RegexBuddy Grep Undo
7. If you've performed a replacement, now it may be time to either Undo or delete the backup files. These actions live in the Grep button's pull-down menu.

Save and Open Grep Operations
Save Grep operation One neat feature of the GREP tab is that it lets you save and reload what it calls actions, i.e. search and replace operations. The menus are self-explanatory.

Miscellaneous refinements
✽ On the right, Include Binary Files does what it says.
✽ Likewise, the Line-based checkbox processes the input line by line.
✽ The Clear button (blank sheet) quickly resets the form.
✽ The Export button saves the results to a text file (which you can also achieve via copy-paste).

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Forum tab: Interact with other RB users

RegexBuddy forum login
The RegexBuddy forum is a brilliant touch. It's integrated within the program itself, and it feels like a software product of its own. In fact, it's received a lot of attention as it's a component of Jan's other products.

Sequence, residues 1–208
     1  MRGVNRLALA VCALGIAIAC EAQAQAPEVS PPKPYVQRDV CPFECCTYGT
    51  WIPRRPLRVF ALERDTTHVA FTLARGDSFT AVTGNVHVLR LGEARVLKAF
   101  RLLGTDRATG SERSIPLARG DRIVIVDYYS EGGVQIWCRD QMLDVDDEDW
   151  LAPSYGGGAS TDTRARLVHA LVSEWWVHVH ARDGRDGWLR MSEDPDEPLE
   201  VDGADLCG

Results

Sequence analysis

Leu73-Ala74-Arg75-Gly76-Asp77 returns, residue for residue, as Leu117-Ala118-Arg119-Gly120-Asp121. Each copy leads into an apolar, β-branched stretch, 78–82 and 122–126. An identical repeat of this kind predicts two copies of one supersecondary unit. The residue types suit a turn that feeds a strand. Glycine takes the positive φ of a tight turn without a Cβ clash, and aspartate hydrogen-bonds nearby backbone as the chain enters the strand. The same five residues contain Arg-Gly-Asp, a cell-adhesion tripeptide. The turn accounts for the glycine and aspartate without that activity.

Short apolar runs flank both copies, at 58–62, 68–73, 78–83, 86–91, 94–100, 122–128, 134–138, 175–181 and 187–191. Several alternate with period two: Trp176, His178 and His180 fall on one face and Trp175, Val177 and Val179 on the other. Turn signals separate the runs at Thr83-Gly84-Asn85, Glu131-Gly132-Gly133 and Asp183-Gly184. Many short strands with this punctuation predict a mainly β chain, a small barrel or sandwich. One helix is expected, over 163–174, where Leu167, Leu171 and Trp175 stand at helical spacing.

Being used to web forums nowadays, it took a few tries to get comfortable with the bulletin-board-style software, but I've really come to appreciate it. For one thing, since you need the product in order to post, there is no spam whatsoever. And since the forum is behind a "private screen", you can run into some pretty cool people.

Login Options
The login button is at the top left. It pays to look carefully at the options, which stay selected from one session to the next. If you use EditPad or other JGsoft products, you may want to select "Show all groups", as that will allow you to navigate to these fora. If you want to be alerted when someone replies to your beautiful posts, select "Email replies to conversations you participate in".

The forum can take your screen's full width, so it can be very readable.

RegexBuddy forum

Still, I often prefer to access the RB forum from within EditPad, where I can launch it with a hotkey and where I have better luck getting it to run in its own window. In addition, EPP also seems to give more control over the font size.